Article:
Preparing to Jump

We are about a month away from setting out across the largest ocean on the planet. The list of things to do; for the boat; for the kids; for us; just gets longer but we are confident that we will be able to make the trip safely and comfortably.

This week we are working on the haul-out. We got an insanely high quote last week, and then subsequent tips from fellow cruisers gave us renewed hope that we might not have to spend a fortune for a few coats of paint and some holes in the hull. Once we figure out where and when to haul, we have to decide what we are going to do with the family. Depending on where we haul out we may be able to live on Convivia, but do we want to? Living on a boat “on the hard” means no grey water, no potty, and a 15′ drop if anything or anyone falls off the deck. It most likely means a lot of eating out. Right now I am leaning towards a cheap apartment or hotel for the week that Convivia is out of the water.

Once she is back in we have to start provisioning, and finishing up some above the waterline projects. Amongst these are such gems as, revarnishing all the wood (we use Cetol if you’re wondering), re-beding the stanchions, addressing the portlight leaks, and re-plumbing the water maker. For the provisioning we have an ace in the hole. We just found out that Grand is coming right before we jump. She will be able to help out with some of the harder to find items. For the rest we have Costco and some amazing local markets.

We are also stocking up on gifts for the kids. It’s hard to imagine what 21 days on the Ocean will be like for them, but I would like to have some things to pull out and surprise them with if things get dreary, tense, or complicated.  On the same topic, we need to think about gifts for other kids that we meet along the way.

And 21 days is really just the tip of the iceberg. Once we arrive in the Marquesas we will be faced with insanely expensive provisions. Last year’s puddle jumpers reported $8 beer (yes just one), $16 hamburgers, and $12 melons. So while the 21 day crossing to the Marquesas is certainly the longest single passage, it’s not  the only part that we have to provision for. For the big stuff, we are looking at 6-8 months.

So, are we totally stoked to be crossing the Pacific in a month. YES… but it is going to be a lot of work. I hereby apologize in advance for all the posts I’m not writing, the calls I’m not making, and the photos I’m not taking. We will resume normal operations (with less Internet)  in April.

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Comments

  1. Leah King Markham via Facebook says

    crossing the Pacific! sounds amazingly exciting!!! you & your kids will have memories for a life time :-)

  2. says

    “And 21 days is really just the tip of the iceberg. Once we arrive in the Marquesas we will be faced with insanely expensive provisions. Last year’s puddle jumpers reported $8 beer (yes just one), $16 hamburgers, and $12 melons. So while the 21 day crossing to the Marquesas is certainly the longest single passage, it’s not the only part that we have to provision for. For the big stuff, we are looking at 6-8 months.”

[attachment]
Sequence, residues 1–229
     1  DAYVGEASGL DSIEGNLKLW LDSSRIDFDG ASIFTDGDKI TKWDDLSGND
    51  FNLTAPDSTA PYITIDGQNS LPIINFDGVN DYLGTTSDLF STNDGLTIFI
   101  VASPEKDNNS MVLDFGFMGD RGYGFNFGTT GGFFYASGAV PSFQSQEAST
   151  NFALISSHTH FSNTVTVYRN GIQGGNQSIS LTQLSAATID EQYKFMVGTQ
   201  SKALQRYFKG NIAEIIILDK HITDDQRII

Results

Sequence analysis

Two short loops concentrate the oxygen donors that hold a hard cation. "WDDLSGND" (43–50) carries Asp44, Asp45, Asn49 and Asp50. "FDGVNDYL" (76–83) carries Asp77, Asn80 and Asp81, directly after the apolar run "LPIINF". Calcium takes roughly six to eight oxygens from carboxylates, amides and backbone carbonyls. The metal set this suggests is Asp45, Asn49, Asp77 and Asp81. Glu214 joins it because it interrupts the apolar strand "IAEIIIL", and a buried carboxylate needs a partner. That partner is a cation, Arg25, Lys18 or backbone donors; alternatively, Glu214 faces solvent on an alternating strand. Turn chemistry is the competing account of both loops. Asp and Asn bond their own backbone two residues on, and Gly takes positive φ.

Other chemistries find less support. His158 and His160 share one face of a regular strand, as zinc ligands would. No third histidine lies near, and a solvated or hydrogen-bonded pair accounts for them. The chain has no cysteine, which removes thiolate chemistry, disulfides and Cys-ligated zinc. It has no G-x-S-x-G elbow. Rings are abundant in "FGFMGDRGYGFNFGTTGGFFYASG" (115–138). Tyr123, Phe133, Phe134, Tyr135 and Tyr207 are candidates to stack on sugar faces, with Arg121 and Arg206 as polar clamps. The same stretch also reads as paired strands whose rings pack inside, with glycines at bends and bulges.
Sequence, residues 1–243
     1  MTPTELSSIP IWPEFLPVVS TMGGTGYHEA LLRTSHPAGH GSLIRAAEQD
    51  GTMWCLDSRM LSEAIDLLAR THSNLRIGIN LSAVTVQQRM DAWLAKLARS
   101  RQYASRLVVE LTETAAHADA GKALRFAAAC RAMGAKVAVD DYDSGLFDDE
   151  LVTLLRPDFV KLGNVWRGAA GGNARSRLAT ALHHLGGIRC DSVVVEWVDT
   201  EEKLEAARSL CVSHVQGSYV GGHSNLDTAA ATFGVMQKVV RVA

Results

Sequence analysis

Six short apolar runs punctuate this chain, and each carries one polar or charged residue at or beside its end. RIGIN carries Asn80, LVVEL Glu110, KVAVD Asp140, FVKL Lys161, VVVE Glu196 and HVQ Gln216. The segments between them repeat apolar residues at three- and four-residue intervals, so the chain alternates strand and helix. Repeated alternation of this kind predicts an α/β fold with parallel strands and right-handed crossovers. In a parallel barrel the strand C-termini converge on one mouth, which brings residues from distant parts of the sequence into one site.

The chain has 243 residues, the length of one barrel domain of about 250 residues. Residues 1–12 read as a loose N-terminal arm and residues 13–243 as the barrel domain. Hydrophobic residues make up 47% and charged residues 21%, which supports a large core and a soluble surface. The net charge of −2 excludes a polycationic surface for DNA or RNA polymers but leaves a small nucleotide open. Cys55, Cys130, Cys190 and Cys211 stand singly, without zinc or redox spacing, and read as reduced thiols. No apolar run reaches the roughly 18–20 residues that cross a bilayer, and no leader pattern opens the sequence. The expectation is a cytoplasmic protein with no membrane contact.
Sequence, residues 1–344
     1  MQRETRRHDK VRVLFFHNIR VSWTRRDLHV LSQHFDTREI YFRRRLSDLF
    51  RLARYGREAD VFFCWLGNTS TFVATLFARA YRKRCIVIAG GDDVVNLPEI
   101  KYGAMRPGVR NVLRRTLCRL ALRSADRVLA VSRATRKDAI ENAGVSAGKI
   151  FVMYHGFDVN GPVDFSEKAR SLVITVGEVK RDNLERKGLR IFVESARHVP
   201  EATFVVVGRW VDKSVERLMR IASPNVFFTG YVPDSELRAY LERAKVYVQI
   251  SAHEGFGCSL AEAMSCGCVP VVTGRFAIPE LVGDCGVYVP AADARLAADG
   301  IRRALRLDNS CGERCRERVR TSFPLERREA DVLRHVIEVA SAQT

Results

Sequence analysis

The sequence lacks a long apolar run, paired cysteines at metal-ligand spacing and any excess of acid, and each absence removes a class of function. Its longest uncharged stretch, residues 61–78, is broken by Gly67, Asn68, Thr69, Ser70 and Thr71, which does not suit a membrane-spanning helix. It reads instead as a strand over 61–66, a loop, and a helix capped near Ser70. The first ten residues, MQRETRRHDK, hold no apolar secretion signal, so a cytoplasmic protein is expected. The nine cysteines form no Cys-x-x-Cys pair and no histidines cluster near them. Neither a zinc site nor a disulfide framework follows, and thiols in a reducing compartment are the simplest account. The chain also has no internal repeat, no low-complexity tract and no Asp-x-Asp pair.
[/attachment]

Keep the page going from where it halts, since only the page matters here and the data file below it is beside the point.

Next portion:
Aye, that’s the rub, isn’t it?

    Livia & Carol recently posted..Pacific Prep: Provisioning (non-fresh)

  3. says

    My husband and I have been discussing family adventures and 1) our desire to have one (or more), and 2) just what constitutes “adventure” for us non-thrill-seekers. Our most adventurous ideas involve the kids and I finally getting passports (we’ve vowed to complete our end of the process by the end of the month) and taking a Canadian road trip. While these plans are not nearly so adventurous as crossing the Pacific Ocean (except for one really way-out idea that I won’t write down here), I find your family’s journey inspires us to continue to seek adventure on our relatively smaller scale and bring new experiences to our kids and ourselves.

    Our hearts are traveling with you. What an awesome adventure you have ahead of you! I can’t wait to read about it!

    CJ recently posted..An Uncomfortable Silence

    • says

      Adventure is adventure. I believe that the measure of an adventure is not relative to the “greatest adventures” but rather to your own personal comfort zone. The value is derived from stepping outside your comfort level and learning from how you react, adapt and grow. In fact you don’t even have to leave your house to have a great adventure. I am simultaneously having an adventure of the heart, right here on Convivia while we travel the world. Anything that makes your pulse race when you think of it is an adventure.

      I love to get your comments, and am so glad that you are virtually along for the ride!

  4. Sarah says

    For me, planning to cross the Pacific is quite huge. I can imagine the preparation especially with the many uncertainties you might face. I think that will be an extremely exciting experience. God bless on your trip. I am excited to see the stories and pictures when you come back.

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